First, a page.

Next Steps:
Be open to allowing God’s work to move within you by joining a group. Attend GrowthTrack to unlock the spiritual gifts God gave you. Dive into your Bible and read the daily LIO to dispel feelings of uncertainty or shame in your life.

Prayer:
God, as we say goodbye to 2020, let us be reminded that it was you who brought us through a challenging year. Let our faith intensify, knowing that you will continue to navigate us through 2021. When we feel so down that our shame questions our walk as Christians, let us remember that we cannot be perfect, but through Jesus, you called us to be holy. Amen.


This post was written by Jaron Camp, a regular contributor to the LivingItOut Bible Study.


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Are You Ready for Something New? – This Year

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I can honestly say 2020 has been the worst, best year. This year, I realized God gave me what I wanted, but not how I wanted it to be. I say this because it made me realize the truths about God—that what he says about me is true. I have been tempted to quit many times and blame God for all the injustice; instead, I kept going and stayed focused on Jesus.

My worst, best year looked like this:

  • Traveling right before quarantine, returning home, and being forced to go nowhere. It was especially depressing being stuck in my house for months after a fun adventure.
  • Stepping into a double major at college but at the mercy of online lectures and missing out on the typical college experience.
  • Thinking I could earn some extra money working as a nail technician during the school year.

But God had different plans. As 2020 comes to a close, think about the worst, best things that you experienced.

For many of you, it is a year that you can’t wait to put behind you. Maybe you’re stuck in a bad situation—financially, relationally, or situationally, and you’re not sure what your next step should be.

For others, perhaps 2020 was GOOD. But with all the uncertainty, you’re not comfortable celebrating your achievements.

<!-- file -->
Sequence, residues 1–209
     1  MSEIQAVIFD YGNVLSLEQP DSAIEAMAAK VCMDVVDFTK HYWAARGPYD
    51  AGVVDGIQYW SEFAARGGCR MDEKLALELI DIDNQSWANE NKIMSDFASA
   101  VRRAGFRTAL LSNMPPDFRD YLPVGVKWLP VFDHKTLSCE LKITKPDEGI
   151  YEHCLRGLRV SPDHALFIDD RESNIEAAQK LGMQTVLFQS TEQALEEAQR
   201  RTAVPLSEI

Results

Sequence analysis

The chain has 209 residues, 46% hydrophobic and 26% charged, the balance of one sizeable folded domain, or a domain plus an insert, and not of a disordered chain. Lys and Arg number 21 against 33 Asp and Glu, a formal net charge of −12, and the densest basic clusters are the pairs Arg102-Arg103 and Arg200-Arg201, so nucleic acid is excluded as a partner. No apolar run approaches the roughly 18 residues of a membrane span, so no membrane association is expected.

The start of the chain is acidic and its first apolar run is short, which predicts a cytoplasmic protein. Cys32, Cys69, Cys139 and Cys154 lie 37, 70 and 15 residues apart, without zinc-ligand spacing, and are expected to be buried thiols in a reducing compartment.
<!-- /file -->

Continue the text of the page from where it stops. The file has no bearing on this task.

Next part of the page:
Regardless of where you are, you have a chance to start new. Lead Pastor Ben Snyder encouraged us to focus on the truths about God and what he says is true about us.

I think I would have missed those truths if I hadn’t been steadfast and kept my eyes focused on Jesus through all the unexpected situations that unfolded. There can be truth and revelation in the unexpected. When you remain focused on Jesus, he will do something new in you, especially in the midst of the unexpected.

Are you ready for something new? Do you believe that God can do something new in you? As it says in Luke 1:37, “For nothing will be impossible with God.”

God can do something new in you when you keep your eyes focused on Jesus. This weekend, Ben pointed out that we follow where we focus. I know this sounds cliche, but when we take our eyes off Jesus, we lose sight of our destination and get lost on the journey.

Over the next few days, we will focus on what is true about God and what he says is true about us.

Questions:
What has 2020 looked like for you? Where was your focus in unexpected moments?

What did you learn about God’s truth this year? What does God say is true about you? Do you believe and accept it?

Next Steps:
Take time to journal and reflect about what 2020 looked like for you.

Pray about what something new might look like in your life.

Step into joining a group or take GrowthTrack to engage in ways you can focus on Jesus.

Prayer:
Jesus, 2020 will be a year to remember. A year of ups and downs. There have been times that I have struggled to keep my focus on you. I have been reminded that we follow where we focus. If there are any distractions that are keeping me from focusing on you I pray they would fall away. Thanks for being the God of the impossible in a time of uncertainty. I know that despite the challenges, I can realize the truth about you and what you say is true about me. Your promises are certain when everything else feels like it is not. I pray I will receive your promises today. In Jesus’ name, amen.